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Mesa's $1.4M electric fire truck with be the first in the U.S., city says

Mesa says it will be the first city in the United States to use an all-electric fire truck. On Monday, the City Council approved the $1.4 million purchase.

It should look like other trucks in the fleet but rather than run on diesel, it’ll run on a charge with low to no carbon emissions. It will also produce less noise pollution. The all-electric truck should be able to run ten medical calls back-to-back or pump water for four hours on a single charge. 

The truck will be assigned to Mesa Fire and Medical Department Station 221 near Ray and Ellsworth roads. That station will open in November and the truck’s expected to arrive in late 2022.

“I’m an advocate for electric vehicles — it’s a better technology and this is one of many steps we can take to bring us closer to our Climate Action Plan goals,” said Mayor John Giles in a press release. “We look forward to this as a study in the potential cost-savings and efficiency of electric vehicles in City operations.”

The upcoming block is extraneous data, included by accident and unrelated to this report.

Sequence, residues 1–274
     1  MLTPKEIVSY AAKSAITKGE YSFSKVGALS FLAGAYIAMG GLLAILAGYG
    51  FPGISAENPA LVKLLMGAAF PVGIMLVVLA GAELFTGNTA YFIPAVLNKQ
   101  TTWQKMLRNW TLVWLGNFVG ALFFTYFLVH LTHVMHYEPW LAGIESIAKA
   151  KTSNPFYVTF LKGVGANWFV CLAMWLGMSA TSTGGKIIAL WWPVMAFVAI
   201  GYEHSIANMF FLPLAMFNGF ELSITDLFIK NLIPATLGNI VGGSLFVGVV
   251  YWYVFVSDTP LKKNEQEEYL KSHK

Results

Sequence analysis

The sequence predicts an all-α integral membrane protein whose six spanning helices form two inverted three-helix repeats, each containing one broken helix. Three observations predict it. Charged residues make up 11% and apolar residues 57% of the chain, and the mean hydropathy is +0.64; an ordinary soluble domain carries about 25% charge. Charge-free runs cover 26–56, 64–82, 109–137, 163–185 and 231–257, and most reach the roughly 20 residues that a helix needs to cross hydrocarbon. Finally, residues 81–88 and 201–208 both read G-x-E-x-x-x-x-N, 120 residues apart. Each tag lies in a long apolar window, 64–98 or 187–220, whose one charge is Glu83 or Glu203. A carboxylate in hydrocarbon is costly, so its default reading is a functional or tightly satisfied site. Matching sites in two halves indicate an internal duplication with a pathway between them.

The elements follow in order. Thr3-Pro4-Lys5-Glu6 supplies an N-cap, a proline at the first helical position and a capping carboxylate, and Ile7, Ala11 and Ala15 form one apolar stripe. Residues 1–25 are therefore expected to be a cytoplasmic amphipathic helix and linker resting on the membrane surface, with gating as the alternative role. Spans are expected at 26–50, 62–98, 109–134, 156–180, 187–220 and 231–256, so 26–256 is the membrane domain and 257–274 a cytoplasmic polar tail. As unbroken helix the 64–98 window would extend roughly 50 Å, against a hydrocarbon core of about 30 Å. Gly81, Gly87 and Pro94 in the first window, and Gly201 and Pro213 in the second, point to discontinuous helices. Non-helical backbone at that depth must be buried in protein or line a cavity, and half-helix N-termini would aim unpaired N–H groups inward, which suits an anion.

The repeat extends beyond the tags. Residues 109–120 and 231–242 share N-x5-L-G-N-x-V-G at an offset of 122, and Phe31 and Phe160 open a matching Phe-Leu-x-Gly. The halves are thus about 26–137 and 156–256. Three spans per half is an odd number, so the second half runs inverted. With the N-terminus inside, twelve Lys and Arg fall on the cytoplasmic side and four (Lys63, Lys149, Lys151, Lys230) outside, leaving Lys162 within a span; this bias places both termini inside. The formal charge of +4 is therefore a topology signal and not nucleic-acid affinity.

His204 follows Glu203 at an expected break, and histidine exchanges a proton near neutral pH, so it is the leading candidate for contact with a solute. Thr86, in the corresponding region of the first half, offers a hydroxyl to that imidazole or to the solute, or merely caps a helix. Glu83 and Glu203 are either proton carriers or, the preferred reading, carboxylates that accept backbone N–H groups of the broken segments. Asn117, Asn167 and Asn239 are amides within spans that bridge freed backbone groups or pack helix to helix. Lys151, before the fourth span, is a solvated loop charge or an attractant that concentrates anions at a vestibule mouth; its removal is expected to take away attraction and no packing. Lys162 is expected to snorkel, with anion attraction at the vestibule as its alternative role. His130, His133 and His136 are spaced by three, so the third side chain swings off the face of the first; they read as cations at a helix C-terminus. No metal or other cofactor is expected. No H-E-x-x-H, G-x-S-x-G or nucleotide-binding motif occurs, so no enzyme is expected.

The unit will have low to no carbon emissions and will match specifications of the existing fleet of Mesa fire trucks. The truck also has considerably less noise pollution, range extension for prolonged power needs and long-life batteries and can pump four hose lines at 750 gallons per minute for four hours on a single charge. 

“As a former fire fighter, I fully endorse putting these types of fire apparatus into our city operations — it’s a great turning point,” Councilmember Mark Freeman said in a press release. “Mesa was the first to provide paramedic service to our residents in the late 1970s, the first to establish a hazardous materials team and an immunization team. We’ve been leaders in technology with paramedic and medical response for some time and this is another step toward the future, helping the city to reach its sustainability goals.”

 The truck will be assigned to Mesa Fire and Medical Department Station 221 near Ray and Ellsworth roads. That station will open in November, and the truck’s expected to arrive in late 2022.

As a senior field correspondent, Christina Estes focuses on stories that impact our economy, your wallet and public policy.